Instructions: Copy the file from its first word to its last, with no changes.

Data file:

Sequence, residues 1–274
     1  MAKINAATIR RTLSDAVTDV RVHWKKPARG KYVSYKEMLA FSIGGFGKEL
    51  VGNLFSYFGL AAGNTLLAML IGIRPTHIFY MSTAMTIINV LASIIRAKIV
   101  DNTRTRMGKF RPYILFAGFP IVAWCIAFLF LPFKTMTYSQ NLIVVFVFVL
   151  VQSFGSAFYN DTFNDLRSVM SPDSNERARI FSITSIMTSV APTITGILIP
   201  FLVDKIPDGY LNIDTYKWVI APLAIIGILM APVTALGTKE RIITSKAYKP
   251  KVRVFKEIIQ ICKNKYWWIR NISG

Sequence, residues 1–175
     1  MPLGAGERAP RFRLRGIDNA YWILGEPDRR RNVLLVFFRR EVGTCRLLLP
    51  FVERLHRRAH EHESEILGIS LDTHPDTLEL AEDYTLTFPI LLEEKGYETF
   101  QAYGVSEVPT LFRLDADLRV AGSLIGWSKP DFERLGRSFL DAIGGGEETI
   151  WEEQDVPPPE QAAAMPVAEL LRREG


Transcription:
Sequence, residues 1–274
     1  MAKINAATIR RTLSDAVTDV RVHWKKPARG KYVSYKEMLA FSIGGFGKEL
    51  VGNLFSYFGL AAGNTLLAML IGIRPTHIFY MSTAMTIINV LASIIRAKIV
   101  DNTRTRMGKF RPYILFAGFP IVAWCIAFLF LPFKTMTYSQ NLIVVFVFVL
   151  VQSFGSAFYN DTFNDLRSVM SPDSNERARI FSITSIMTSV APTITGILIP
   201  FLVDKIPDGY LNIDTYKWVI APLAIIGILM APVTALGTKE RIITSKAYKP
   251  KVRVFKEIIQ ICKNKYWWIR NISG

Sequence, residues 1–175
     1  MPLGAGERAP RFRLRGIDNA YWILGEPDRR RNVLLVFFRR EVGTCRLLLP
    51  FVERLHRRAH EHESEILGIS LDTHPDTLEL AEDYTLTFPI LLEEKGYETF
   101  QAYGVSEVPT LFRLDADLRV AGSLIGWSKP DFERLGRSFL DAIGGGEETI
   151  WEEQDVPPPE QAAAMPVAEL LRREG